It is also hugely significant that we are seeing more destinations move from a marketing to a stewardship approach that focuses on delivering wider and longer-term value for the destination and its communities. For some, the driver for this change has been the “pause” in tourism during the pandemic, providing time to reflect and imagine new paradigms. Others, however, faced a massive growth in visitor numbers, as tourists faced with foreign travel restrictions flocked to domestic, outdoor destinations instead. This surge in tourists also brought with it an escalation of impacts on local communities, such as overcrowding, increased waste, pressure on water supplies, pollution, and damage to natural and cultural assets. Both extremes served to highlight to destination managers and communities the costs of tourism that often builds up over time and goes unrecognised and unaccounted for. Now, some of these destinations are seeking a long-term solution by moving to a more community-focussed style of tourism. For example, the US destinations of Vail, Tahoe and Port Aransas have each been working with the Travel Foundation to create new stewardship plans and to engage residents in their planning process. Tourism Vancouver Island has taken the move a step further, recently announcing its transition to a non-profit social enterprise, renamed 4VI to represent the four pillars of community, business, culture, and environment. The destination is putting local communities at the heart of its purpose, focusing on using tourism development to improve quality of life.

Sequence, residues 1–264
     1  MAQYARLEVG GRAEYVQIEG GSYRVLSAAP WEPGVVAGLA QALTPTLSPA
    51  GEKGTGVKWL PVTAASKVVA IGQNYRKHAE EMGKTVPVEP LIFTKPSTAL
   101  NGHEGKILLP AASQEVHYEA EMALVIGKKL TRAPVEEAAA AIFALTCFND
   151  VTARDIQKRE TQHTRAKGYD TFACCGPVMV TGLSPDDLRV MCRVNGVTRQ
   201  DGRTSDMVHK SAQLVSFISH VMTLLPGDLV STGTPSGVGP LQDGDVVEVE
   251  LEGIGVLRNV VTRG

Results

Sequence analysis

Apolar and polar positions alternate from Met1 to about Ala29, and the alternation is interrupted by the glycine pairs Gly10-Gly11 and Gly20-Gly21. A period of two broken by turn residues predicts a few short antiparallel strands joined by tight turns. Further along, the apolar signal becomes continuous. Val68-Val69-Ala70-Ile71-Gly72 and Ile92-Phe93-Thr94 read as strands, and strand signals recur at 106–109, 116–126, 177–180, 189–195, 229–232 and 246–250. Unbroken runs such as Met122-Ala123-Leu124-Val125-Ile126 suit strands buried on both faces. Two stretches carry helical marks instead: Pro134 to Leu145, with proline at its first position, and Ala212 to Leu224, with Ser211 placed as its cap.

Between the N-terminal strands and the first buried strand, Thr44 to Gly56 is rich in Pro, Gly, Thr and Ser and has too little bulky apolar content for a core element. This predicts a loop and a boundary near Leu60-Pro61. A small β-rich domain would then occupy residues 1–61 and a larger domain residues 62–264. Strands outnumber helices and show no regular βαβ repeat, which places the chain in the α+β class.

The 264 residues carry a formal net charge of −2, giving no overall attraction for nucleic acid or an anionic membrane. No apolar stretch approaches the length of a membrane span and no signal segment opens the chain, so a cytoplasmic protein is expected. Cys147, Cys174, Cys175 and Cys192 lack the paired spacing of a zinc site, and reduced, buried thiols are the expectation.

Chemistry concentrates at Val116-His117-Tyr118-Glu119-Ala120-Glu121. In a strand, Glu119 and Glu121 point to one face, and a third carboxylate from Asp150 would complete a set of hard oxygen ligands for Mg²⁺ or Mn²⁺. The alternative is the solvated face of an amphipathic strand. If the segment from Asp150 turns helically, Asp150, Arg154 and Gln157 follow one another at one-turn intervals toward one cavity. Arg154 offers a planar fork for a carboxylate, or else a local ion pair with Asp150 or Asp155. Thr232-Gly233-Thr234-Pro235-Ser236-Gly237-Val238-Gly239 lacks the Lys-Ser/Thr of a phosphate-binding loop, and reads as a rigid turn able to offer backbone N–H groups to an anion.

These examples highlight that it is becoming harder to return to old models of tourism focused on growing visitor numbers, and more attractive to move towards a model that delivers value for the location as a whole. Those destinations that adapt will reap the benefits of tourism that is both resilient to future threats, and that delivers positive benefits for their communities, with those destinations that adapt soonest likely to benefit the most.
I slid open the frosted window and stuck my head out into the cold, white void….